Pre-Existing Injury Not an Automatic Bar to Receiving Workers’ Compensation Benefits

sprinkler-1316192-1024x681Accidents can happen at any time, even at work.  Sometimes these accidents can aggravate a pre-existing injury.  In a claim for workers’ compensation benefits, employers may use the existence of an old injury to deny payment of benefits despite a clear work accident with medical repercussions.  This was the case for a government employee in Winnsboro, Louisiana.   

Mr. Jay Marshall was an employee of the Town of Winnsboro’s water department for 33 years where he worked as a supervisor. For years he had back pain from injuries but always sought treatment and returned to work.  Mr. Marshall had been taking pain medication since 2002.  On November 2012, while working with his crew, Mr. Marshall pulled a rod out of the ground,  hurt his back,  and was unable to work the rest of the day.  After the accident, Mr. Marshall went to his physician, Dr. Roland Ponarski, complaining of back pain.  Dr. Ponarski did not recall Mr. Marshall mentioning a recent work accident during the visit.  Mr. Marshall was referred to neurosurgeon Dr. Bernie G. McHugh. Mr. Marshall provided a patient history to Dr. McHugh which included back pain from a work injury originating in the 1990s.  Dr. McHugh opined that someone with a disease like Mr. Marshall’s should only be performing sedentary work and that the most recent workplace injury in conjunction with his degenerative disease certainly worsened the pain.  Risk Management, Inc., the worker’s compensation adjuster for Winnsboro, sent Mr. Marshall to Dr. Jorge Rodriguez for a second opinion in 2013.  Dr. Rodriguez concluded that no surgery was needed and that over the counter pain medication was enough if Mr. Marshall was restricted to light duty work.  

In January 2013, Mr. Marshall filed an injury report on the November 2012 accident with Winnsboro.  Risk Management denied Mr. Marshall’s claim, did not pay an indemnity and did not provide for any medical treatment. Subsequently, Mr. Marshall filed a dispute with the Office of Workers’ Compensation. The Workers’ Compensation Judge (“WCJ”) found Mr. Marshall was entitled to temporary disability benefits beginning September 2013, covering supplemental earning benefits, as well as $500 as a penalty and $2000 in attorneys fees.

Winnsboro appealed to the Louisiana Second Circuit Court of Appeal asserting that the WCJ committed error by using lay testimony over medical testimony to conclude that Mr. Marshall suffered a work-related injury.  They also argued that Mr. Marshall’s failure to originally cite the 2012 accident in his patient history to doctors calls into question the veracity of the accident and injury.

In a worker’s compensation case, the claimant bears the burden of proving that an employment accident resulted in disability.  See Blanson v. GM Inland Fisher Guide,  764 So.2d 307 (La. Ct. App. 2000).  The Court of Appeal noted that both lay and medical evidence must be considered by the WCJ, and no rule exists that one is to be given more weight than the other.  Moreover, a worker’s testimony alone can provide sufficient proof of a work-related injury unless other evidence discredits the testimony or the testimony is not corroborated by circumstances following the injury.  A pre-existing condition does not disqualify a claim if the work-related injury either aggravated or combined with the existing injury to produce the disability for which compensation is claimed. See Harris v. Casino Magic, 865 So. 2d 301,305 (La. Ct. App. 2004).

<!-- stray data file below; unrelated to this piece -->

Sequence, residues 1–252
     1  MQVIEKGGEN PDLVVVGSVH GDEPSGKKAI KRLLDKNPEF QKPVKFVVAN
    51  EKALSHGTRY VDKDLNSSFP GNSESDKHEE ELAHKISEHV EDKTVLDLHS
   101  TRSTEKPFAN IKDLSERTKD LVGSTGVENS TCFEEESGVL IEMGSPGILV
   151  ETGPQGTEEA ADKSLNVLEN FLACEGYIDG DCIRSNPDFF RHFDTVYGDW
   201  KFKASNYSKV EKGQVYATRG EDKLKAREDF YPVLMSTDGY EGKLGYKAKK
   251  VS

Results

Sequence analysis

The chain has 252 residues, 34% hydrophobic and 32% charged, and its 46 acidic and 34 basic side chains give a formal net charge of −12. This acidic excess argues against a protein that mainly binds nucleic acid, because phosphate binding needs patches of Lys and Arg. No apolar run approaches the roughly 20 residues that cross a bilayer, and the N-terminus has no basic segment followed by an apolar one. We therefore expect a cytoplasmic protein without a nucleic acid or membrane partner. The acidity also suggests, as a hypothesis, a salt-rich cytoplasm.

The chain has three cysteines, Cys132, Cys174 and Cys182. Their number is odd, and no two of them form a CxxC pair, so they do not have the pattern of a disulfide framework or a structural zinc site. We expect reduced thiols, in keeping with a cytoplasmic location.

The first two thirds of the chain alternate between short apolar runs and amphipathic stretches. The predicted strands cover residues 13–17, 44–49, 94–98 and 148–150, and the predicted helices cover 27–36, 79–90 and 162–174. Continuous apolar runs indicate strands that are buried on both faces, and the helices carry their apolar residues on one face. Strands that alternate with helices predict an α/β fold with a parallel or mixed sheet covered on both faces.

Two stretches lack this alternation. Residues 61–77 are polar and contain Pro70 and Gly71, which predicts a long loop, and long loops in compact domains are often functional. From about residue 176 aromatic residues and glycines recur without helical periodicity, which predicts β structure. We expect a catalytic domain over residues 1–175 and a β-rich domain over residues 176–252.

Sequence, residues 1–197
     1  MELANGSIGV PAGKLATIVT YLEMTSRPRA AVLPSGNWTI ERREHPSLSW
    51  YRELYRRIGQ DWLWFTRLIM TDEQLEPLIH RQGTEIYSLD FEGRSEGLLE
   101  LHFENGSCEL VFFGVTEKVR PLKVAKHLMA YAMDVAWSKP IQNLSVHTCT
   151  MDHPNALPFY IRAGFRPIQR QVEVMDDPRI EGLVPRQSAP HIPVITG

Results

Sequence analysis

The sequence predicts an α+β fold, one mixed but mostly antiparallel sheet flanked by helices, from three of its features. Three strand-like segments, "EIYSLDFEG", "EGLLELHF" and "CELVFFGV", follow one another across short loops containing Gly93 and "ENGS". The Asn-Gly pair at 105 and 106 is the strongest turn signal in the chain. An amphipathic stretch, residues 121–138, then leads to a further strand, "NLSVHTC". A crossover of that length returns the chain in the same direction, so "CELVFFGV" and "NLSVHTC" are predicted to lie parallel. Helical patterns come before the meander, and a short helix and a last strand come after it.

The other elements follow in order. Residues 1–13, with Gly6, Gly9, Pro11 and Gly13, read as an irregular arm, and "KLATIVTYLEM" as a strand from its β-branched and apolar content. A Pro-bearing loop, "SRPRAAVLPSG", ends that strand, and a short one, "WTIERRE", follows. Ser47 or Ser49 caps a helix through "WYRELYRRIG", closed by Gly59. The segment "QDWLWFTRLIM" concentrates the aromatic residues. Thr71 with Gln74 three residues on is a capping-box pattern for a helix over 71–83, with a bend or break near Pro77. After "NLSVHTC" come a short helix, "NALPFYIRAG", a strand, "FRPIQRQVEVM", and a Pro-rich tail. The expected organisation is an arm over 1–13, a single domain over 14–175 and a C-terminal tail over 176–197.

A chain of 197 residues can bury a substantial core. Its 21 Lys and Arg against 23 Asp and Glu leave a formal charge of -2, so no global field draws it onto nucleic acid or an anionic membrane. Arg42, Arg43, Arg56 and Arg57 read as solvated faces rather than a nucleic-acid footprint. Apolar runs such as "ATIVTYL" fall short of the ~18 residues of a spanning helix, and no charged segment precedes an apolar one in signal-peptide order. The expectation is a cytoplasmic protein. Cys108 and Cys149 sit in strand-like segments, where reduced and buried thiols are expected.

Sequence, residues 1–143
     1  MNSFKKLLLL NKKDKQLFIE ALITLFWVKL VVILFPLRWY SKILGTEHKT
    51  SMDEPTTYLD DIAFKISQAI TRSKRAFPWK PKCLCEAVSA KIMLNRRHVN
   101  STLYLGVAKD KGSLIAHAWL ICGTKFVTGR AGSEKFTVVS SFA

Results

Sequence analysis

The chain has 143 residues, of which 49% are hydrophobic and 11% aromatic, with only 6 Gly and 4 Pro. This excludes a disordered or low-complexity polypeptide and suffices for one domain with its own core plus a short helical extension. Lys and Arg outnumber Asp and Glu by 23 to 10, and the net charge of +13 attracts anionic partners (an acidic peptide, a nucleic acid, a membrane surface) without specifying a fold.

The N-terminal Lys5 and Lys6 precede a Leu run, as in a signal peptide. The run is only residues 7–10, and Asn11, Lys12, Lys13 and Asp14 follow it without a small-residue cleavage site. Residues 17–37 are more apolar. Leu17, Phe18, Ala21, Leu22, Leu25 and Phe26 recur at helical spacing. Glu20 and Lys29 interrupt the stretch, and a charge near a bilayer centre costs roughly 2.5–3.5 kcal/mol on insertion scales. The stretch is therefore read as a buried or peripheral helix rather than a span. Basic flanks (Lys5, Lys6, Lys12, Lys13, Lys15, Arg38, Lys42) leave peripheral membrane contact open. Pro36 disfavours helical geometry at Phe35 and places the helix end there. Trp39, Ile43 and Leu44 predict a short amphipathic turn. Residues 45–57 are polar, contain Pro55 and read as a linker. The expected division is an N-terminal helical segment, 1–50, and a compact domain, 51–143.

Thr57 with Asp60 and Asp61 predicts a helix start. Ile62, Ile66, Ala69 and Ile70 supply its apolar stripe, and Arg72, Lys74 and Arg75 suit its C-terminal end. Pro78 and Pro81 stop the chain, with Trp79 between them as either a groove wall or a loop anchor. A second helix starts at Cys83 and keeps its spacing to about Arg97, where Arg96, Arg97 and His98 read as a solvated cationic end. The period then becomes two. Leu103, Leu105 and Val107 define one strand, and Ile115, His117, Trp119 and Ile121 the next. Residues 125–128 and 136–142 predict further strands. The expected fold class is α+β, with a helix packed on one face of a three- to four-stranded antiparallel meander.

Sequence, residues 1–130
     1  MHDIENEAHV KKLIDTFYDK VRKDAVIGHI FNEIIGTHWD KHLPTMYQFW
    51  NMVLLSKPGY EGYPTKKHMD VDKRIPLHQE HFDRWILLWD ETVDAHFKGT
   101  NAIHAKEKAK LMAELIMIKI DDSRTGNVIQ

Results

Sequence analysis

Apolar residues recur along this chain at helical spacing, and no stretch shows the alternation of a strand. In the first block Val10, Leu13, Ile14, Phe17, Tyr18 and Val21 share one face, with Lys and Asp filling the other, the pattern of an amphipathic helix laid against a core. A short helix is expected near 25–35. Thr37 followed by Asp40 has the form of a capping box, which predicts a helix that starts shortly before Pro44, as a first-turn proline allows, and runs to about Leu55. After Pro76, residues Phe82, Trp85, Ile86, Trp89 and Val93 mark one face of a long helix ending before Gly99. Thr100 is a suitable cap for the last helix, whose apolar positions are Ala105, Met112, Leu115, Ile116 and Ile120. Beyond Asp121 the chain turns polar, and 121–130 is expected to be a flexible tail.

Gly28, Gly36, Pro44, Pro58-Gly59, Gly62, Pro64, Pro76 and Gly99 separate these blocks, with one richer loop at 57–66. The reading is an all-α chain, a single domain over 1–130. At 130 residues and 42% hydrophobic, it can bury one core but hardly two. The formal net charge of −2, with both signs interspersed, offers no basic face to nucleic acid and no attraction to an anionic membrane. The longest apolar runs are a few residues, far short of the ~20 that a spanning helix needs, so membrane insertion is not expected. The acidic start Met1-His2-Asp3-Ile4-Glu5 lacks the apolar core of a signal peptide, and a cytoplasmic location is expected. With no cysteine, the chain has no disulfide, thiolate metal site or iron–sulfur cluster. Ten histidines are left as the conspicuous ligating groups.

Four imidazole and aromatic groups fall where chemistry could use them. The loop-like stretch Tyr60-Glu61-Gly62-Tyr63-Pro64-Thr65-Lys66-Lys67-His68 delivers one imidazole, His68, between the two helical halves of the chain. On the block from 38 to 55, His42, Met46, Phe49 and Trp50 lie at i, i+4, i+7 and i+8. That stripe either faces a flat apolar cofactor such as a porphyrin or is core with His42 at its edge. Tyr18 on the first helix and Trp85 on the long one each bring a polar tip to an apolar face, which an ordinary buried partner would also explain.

The Second Circuit agreed with the WCJ that Mr. Marshall was entitled to workers’ compensation benefits.   Mr. Marshall, as well as three members of his crew, testified about the November 2012 accident. Mr. Marshall described the pain after the accident as different and sharper than his past back pain.   His co-workers recalled seeing Mr. Marshall grabbing his back immediately after the incident and recalled that Mr. Marshall was unable to work for the remainder of that day.  The Second Circuit did not find that the medical testimony cast serious doubts on the lay testimony.  While the doctors had differing opinions, three of the treating physicians noted differences in pre and post accident MRIs.  Finally, prior to the accident, Mr. Marshall was able to work as normal while post-accident he was unable to work as he had before.  The Second Circuit concluded that it was not unreasonable to find it probable that Mr. Marshall’s back pain was worsened by injuries suffered during the work-related accident.  The judgment of the WCJ was affirmed.  

In all workers’ compensation cases, evidence connecting a workplace accident and the injury is essential.  This case demonstrates that a pre-existing injury is not an automatic bar to compensation when that pre-existing condition is aggravated by a work-related injury.  Having sufficient evidence of that aggravation is key.  You should always consult the best lawyer after you are injured at work to have the best chance at presenting the evidence necessary to prove your claim.   


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